He was quoted by the Pakistan satellite news channel Samaa as saying, “We must bring the killers of our innocent brothers, sisters and children to justice and will never allow these savage inhumans (sic) to overrun our life and liberty.”
In the subsequent 48 hours, at least 5,221 suspects were arrested, Pakistan Today reported. A long-awaited crackdown on banned organizations in the Punjab has begun.
Security agencies identified the suicide bomber as a man named Yousuf, and arrested his brothers in southern Punjab.
As the country reeled from the Easter massacre, the Pakistan Army was dispatched the same day to the capital, Islamabad, to stop the advance of more than a thousand protesters into the diplomatic sector of the city, the so-called “red zone.”
The protests continued into March 30 in support of Mumtaz Qadri, who was executed on Feb. 29 for killing the Governor of Punjab, Salmaan Taseer.
The protesters beat police and burned vehicles and buildings.
World Watch Monitor said they presented a 10-point demand which included, “the unconditional release of all Sunni clerics and leaders booked on various charges, including terrorism and murder; the recognition of Mumtaz Qadri as a martyr and the conversion of his Adiala Jail cell into a national heritage site; assurances that the blasphemy laws will not be amended …and the execution of blasphemy accused Asia Bibi.”
The Pakistani authorities gave several deadlines for the protesters to disperse.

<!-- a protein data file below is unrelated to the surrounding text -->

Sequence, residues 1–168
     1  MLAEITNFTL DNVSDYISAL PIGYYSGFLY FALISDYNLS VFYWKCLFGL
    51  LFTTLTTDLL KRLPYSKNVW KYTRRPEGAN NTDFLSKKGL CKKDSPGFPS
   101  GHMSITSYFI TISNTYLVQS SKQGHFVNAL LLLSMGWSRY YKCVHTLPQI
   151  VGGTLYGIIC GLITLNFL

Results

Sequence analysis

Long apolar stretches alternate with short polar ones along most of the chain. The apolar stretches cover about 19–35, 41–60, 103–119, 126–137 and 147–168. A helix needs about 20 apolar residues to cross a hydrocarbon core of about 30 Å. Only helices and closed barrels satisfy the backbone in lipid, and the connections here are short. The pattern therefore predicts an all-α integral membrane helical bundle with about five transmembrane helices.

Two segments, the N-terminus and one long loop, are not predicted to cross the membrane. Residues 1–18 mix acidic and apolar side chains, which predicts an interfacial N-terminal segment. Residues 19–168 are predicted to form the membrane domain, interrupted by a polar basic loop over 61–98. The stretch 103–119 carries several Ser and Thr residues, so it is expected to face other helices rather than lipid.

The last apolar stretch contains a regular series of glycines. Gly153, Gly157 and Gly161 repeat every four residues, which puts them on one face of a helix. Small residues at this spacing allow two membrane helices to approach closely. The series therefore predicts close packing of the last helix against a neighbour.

“We don’t want any violence, but we can’t tolerate it anymore,” Interior Minister Chaudhry Nisar Ali Khan told the protesters late on Tuesday.
Talks continued to break the deadlock, until protesters finally dispersed late in the day on March 30, with leaders saying their demands had been met, although the government in turn said it had made no concessions.
A Christian in Lahore told World Watch Monitor, “There is a tangible tension in the air. On one level there is the pain of the stories we are listening to. On the other hand there is the tension in the air that is building up with the intensely charged political situation.”
For more information visit www.worldwatchmonitor.org
Photo captions: 1) Pakistani Christian women mourn the death of Sharmoon who was killed in a bombing attack, in Lahore, Pakistan, Easter Monday, March 28, 2016. 2) Pakistani Christian women mourn the death of a loved one killed in the Lahore bombing. 3) Pakistani Islamist protesters march in the capital Islamabad on Wednesday, where tens of thousands demonstrated this past week (Anadolu Agency/Getty Images). 4) Jeremy and Elma Reynalds.
About the writer: Jeremy Reynalds is Senior Correspondent for the ASSIST News Service, a freelance writer and also the founder and CEO of Joy Junction, New Mexico’s largest emergency homeless shelter, www.joyjunction.org. He has a master’s degree in communication from the University of New Mexico, and a Ph.D. in intercultural education from Biola University in Los Angeles. His newest book is “From Destitute to Ph.D.” Additional details on “From Destitute to Ph.D.” are available at www.myhomelessjourney.com. Reynalds lives in Albuquerque, New Mexico with his wife, Elma. For more information contact: Jeremy Reynalds at firstname.lastname@example.org.